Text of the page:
Winning by Design

Sounds very clichéd and over-used? There are folks who swear by this term and those who question its relevance in today’s rapidly changing world. The average shelf-life of companies is on the decline. As a result, focus has shifted towards higher speed in execution across the board – from strategic planning to product launch to Brand Building to Fulfillment to Growth & Profitability. Along the way, companies are having to make more and more complex decisions in less time and backed by less data. This is the world that we live in. Interestingly, there is enough scientific literature to prove that the human brain get exhausted after making complex decisions. We are more likely to make decisions based on intuition and cognitive bias than logic and data which by nature is time-consuming. The opportunists tend to follow the former while the purists tend to lean towards the latter!!!

Is Design still relevant?

The case for design is very strong. Classic Examples are the plethora of companies that have succeeded through sheer dint of design. I like to think of opportunity-led thinking being complementary to a design-based approach. Here’s how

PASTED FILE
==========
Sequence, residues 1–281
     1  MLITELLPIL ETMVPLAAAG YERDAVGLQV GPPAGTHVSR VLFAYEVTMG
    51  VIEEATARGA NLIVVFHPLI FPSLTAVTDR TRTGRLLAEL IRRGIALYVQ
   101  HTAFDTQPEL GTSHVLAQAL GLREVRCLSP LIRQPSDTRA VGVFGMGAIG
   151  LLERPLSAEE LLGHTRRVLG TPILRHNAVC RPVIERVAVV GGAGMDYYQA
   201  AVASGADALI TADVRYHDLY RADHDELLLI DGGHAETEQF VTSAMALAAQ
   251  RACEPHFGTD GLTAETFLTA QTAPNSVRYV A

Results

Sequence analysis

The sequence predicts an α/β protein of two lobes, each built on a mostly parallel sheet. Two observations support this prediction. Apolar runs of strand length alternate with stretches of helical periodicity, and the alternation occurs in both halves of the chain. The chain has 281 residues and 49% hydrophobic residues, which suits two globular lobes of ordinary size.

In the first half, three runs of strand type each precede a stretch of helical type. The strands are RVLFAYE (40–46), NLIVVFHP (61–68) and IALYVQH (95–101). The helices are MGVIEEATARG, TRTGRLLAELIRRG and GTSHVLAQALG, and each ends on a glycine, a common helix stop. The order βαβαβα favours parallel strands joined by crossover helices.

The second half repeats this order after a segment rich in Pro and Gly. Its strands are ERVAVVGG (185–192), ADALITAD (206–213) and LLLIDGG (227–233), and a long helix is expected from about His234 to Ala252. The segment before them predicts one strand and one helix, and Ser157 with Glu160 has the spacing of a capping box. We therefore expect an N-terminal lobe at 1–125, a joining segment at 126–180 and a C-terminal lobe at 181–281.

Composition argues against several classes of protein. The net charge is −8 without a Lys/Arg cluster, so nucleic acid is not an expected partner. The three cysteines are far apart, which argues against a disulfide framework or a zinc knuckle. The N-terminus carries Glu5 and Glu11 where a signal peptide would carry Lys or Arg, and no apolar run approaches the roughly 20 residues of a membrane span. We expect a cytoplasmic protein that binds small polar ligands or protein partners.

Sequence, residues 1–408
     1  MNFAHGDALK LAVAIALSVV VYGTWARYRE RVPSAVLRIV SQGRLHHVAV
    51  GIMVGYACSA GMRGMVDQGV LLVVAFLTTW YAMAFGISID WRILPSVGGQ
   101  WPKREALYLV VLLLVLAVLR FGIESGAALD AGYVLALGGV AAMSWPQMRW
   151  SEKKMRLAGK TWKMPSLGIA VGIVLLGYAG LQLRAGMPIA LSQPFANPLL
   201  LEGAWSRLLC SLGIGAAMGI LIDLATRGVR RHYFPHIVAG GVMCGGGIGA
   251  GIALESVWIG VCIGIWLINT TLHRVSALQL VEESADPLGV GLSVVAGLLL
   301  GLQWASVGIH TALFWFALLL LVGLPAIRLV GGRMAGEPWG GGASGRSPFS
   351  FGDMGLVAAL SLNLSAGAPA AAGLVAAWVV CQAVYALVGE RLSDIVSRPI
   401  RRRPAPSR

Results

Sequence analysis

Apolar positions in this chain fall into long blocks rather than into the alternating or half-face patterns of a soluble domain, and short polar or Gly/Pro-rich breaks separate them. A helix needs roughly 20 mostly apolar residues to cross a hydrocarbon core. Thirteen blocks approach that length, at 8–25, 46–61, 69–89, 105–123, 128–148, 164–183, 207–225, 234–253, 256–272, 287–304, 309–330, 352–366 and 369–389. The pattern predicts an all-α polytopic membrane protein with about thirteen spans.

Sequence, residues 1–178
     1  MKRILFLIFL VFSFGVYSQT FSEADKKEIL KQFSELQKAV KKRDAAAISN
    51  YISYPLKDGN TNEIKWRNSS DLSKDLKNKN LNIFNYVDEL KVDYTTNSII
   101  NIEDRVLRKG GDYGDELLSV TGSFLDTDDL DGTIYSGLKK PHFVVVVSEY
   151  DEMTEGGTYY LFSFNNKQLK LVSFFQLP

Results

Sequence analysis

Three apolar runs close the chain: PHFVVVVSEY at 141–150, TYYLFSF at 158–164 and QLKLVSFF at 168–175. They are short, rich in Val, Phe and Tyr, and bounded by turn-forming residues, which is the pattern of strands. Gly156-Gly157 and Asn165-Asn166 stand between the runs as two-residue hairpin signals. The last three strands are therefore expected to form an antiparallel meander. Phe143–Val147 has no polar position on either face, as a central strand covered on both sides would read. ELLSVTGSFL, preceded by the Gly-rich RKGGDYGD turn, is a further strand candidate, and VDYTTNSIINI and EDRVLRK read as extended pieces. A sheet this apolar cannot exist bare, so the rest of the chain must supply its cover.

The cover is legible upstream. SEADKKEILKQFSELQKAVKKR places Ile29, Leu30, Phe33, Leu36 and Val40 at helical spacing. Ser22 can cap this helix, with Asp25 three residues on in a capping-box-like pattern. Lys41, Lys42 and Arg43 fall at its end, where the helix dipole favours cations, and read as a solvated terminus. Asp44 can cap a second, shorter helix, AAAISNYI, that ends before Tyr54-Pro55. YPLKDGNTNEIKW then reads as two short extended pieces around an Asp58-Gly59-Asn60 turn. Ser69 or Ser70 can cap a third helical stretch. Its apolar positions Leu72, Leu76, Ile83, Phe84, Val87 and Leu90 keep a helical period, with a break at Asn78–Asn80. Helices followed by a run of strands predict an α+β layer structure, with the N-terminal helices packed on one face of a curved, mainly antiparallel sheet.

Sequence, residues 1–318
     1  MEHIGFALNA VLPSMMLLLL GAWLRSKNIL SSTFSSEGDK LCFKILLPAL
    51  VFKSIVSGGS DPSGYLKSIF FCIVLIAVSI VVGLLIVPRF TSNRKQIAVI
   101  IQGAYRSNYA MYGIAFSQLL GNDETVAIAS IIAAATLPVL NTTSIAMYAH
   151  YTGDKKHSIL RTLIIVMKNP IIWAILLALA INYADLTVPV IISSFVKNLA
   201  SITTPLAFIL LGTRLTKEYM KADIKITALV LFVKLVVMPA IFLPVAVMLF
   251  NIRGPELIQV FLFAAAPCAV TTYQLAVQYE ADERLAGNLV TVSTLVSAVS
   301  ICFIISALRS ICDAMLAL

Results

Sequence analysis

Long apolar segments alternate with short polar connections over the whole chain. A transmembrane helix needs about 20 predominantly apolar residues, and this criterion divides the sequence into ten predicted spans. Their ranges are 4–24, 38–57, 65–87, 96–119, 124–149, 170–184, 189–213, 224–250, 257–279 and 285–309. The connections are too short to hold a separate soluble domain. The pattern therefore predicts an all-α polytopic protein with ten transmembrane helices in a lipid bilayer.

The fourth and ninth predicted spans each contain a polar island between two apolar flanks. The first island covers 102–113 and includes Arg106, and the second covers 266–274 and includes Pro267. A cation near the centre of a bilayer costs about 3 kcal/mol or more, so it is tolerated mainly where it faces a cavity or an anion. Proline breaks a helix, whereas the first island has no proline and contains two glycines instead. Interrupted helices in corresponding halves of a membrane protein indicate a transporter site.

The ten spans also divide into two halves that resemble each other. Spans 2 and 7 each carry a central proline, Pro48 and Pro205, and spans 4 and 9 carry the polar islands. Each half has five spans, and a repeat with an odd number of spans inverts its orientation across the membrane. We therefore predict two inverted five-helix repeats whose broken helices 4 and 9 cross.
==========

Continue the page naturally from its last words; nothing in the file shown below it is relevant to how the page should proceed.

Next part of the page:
Design Opportunistic
Step Change in Value for all Stakeholders Capture incremental value at every point
Critical for complex problem solving & avoid pitfalls in longer run (Type-1 decisions) Help remove obvious bottlenecks and win in shorter run (Type-2 decisions)
More applicable in core areas – Technology, Product, Process, People Applies in softer areas – Promotion, Partnerships, Pricing
Creates a significant competitive wedge and sustainability over a longer duration Value & Differentiation – Both are marginal & can be erased quickly